Ultra 1 is the first Sun Microsystems workstation to use the UltraSPARC CPU architecture. Released in 1995, it seems that it was one of the first personal computers that used a 64-bit CPU (IA-64 architecture was introduced in 2001, AMD64, a.k.a x86_64 was introduced in 2003).
The computer needs to keep track of the time, as well as remember its configuration between bootups. This task - like any other - requires power. Sometimes computers sit for a long time with power disconnected. Becuase of that, nearly all of them have a small battery inside that powers the basic circuitry necesary to keep track of the time and preserve the contents of the memory. This battery usually lasts a couple of years if you keep your computer plugged in while its off, thanks to the so-called standpy power your PSU generates when its off. Only in the absence of standby power, the CMOS battery is used as a power source.
The NVRAM chip - in the Ultra 1, ST Electronics M48T59Y - is a socketed DIP RTC. It has a little bit of user writable non-volatile memory (hence the name NVRAM). Usually RTCs keep the time and date value in that memory, and in case of Sun computers, this memory is also used to keep the serial number and the MAC address of the onboard ethernet controller.
The counterpart of that chip in PCs is called the CMOS. (From the name of the process used to manufacture those, and nearly all other modern chips)
Left - CMOS battery in a laptop, Right - on a PC motherboard
Top to bottom - VT320 terminal, a Dell (workench PC) and in front of it the terminal keyboard, an oscilloscope, and finally the Ultra 1
Ultra 1, as many computers of that time as well as early PCs, use an RTC chip that contains the battery inside itself. Apart from the afromentioned M48T59Y, another of those chips in common use was the Dallas DS12887 or DS1287 RTC. Similar to the M48T59Y it contains a DIP chip with two external battery terminals, on top of which the battery is spot welded with metal tabs, and then the whole assembly is put into a small plastic shell and filled with polymer to protect and provide mechanical rigidity.
This approach has its downsides, one of which is a lack of any way to replace the battery once it dies. The symptom of that, both back then and nowadays, is that your BIOS (or bootloader in case of the Sun) will report errors and the date will reset, most cases to 1st Jan 1970 - that's the beginning of the time in UNIX.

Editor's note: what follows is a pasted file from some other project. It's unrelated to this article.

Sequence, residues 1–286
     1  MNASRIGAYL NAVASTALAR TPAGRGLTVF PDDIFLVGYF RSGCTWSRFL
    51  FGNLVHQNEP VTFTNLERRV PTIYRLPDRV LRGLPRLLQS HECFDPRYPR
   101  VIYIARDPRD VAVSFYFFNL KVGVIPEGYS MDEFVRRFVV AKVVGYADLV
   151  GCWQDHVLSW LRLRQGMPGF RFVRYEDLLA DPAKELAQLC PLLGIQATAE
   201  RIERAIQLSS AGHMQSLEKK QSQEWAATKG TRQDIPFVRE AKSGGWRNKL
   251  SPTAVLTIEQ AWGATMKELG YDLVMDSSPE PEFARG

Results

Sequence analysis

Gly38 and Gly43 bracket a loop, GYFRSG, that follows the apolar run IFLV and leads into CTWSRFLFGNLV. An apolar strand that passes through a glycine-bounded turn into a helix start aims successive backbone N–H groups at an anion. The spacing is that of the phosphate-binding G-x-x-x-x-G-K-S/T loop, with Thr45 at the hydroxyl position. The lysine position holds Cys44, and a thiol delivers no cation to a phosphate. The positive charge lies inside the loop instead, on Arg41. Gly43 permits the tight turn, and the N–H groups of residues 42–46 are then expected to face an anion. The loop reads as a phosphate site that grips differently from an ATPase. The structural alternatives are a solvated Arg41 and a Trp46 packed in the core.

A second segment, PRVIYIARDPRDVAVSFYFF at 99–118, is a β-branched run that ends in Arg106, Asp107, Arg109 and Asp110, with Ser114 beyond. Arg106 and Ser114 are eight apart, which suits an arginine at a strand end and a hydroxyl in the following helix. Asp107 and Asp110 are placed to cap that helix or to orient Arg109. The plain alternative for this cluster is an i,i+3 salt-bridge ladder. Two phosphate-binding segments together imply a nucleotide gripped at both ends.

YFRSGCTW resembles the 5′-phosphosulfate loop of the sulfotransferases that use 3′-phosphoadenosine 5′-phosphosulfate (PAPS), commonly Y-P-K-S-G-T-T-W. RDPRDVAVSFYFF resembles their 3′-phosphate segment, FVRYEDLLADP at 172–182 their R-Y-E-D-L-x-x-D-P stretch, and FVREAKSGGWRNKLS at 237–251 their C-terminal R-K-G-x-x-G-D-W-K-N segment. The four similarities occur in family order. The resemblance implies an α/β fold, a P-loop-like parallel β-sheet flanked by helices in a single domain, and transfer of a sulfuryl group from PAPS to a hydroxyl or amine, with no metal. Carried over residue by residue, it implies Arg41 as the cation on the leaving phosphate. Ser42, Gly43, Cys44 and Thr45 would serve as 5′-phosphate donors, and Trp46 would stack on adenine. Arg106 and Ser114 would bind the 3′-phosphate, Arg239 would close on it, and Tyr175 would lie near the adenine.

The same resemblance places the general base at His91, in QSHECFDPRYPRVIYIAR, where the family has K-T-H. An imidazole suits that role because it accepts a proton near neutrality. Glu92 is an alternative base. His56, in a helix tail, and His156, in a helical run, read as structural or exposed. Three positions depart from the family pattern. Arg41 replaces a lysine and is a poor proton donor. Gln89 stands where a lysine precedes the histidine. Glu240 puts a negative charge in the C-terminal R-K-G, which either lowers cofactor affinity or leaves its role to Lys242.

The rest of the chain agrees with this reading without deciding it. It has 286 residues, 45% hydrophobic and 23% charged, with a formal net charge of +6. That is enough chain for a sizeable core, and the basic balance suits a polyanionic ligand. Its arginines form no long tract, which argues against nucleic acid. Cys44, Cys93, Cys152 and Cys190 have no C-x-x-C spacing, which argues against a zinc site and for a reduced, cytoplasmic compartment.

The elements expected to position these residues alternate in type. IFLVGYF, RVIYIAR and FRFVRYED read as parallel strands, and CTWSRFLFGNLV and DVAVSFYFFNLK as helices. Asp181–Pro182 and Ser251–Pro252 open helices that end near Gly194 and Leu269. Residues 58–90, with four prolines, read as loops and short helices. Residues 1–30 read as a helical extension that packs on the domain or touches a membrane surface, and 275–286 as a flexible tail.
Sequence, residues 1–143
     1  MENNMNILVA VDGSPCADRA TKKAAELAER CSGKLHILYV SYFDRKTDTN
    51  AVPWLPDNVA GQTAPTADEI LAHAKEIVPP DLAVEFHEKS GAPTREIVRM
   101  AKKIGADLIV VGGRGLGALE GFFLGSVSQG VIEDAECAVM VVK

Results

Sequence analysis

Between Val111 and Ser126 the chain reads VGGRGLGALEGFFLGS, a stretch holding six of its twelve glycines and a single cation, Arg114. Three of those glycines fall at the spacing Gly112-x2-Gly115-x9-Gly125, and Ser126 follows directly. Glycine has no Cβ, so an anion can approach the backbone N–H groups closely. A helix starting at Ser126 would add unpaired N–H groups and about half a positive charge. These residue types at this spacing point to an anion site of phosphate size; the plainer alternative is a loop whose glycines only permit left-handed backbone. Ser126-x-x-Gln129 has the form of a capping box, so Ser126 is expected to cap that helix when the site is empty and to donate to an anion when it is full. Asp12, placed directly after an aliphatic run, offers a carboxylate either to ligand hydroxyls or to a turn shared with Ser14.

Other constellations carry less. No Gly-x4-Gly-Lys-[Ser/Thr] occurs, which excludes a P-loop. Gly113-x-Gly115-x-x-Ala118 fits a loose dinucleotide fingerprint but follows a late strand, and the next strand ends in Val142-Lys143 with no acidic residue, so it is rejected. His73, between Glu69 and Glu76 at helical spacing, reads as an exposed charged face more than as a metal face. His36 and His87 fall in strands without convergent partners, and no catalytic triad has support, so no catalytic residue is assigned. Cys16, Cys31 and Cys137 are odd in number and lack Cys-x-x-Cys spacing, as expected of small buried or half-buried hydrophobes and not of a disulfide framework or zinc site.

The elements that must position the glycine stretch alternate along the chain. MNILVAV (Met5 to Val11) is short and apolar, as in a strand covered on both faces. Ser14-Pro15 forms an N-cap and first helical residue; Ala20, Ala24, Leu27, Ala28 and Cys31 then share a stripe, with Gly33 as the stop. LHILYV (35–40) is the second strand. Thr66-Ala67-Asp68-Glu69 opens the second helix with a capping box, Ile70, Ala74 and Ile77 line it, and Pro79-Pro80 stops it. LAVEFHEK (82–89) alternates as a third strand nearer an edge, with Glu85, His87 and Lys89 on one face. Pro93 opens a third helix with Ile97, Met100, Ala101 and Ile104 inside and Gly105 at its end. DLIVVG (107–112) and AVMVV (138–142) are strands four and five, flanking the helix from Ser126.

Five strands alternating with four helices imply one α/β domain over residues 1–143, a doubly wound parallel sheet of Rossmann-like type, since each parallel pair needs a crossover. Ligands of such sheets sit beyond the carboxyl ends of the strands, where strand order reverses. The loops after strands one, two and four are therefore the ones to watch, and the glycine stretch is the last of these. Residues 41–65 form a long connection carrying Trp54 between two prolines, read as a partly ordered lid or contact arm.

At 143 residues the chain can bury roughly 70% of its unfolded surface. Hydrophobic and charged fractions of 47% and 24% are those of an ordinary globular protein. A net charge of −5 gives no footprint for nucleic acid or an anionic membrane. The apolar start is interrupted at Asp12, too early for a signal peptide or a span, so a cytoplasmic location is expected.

The battery inside the polymer filling of the M48T95Y RTC/NVRAM. It's the round edge
Before you do this, carefully take off the yellow barcode sticker off the chip, and/or take a photo of it - you will need the serial number later.
To replace the battery I cut out some of the shell (soft-ish plastic) and the polymer filling (hard). Luckily it seems that it decomposes under temperature, so a couple of hot air blows with the butane iron where I cut made it brittle and easy to remove. The battery resides on the opposite end than pin 1 of the chip (marked like any other DIP)
The mainboard of the Ultra 1. Framebuffer card removed
I then used a multimeter to determine the correct polarity (it still had 0.2V charge inside!), cut one of the original tabs to disconnect the battery and wired a CR2032 socket to them. I secured the whole assembly with epoxy and fitted it back into the Sun
Attaching the holder to the chip with epoxy rosin. This was done after the chip was mounted to make sure the framebuffer card fits
After clicking the power switch (Ultra 1 has a 3-way rocker switch on the back of the PSU, click up turns it on and click down cuts the power), I had to initialize the memory contents. OpenBoot prompt allows to do that in a rather simple way.
Left - Failed boot, Right - The bootloader prompt being used to write values to individual bytes of the memory, as well as coumpute and write the checksum
The terminal is connected to serial port A (top DB25 socket), where the bootloader exposes a 9600 8N1 serial console.
The syntax of mkp is as follows: byte address mkp Byte 1 contains the model, bytes 5-7 the onboard ethernet MAC (last 3 octets) and bytes c-e the serial number (from the yellow barcode sticker).
Before that I also disabled the diag-switch? option to disable the diagnostics on boot
The last line computes and writes the checksum into the last byte of the memory.
Left - Successfull self-test and loading the OpenBSD bootblock. MAC-address is, obviously, made up ;), Right - Back of the unit
You can see the diagnostic messages disappeared and so did the invalid IDPROM content warning.
The Sun automatically booted from hard disk, where I have installed OpenBSD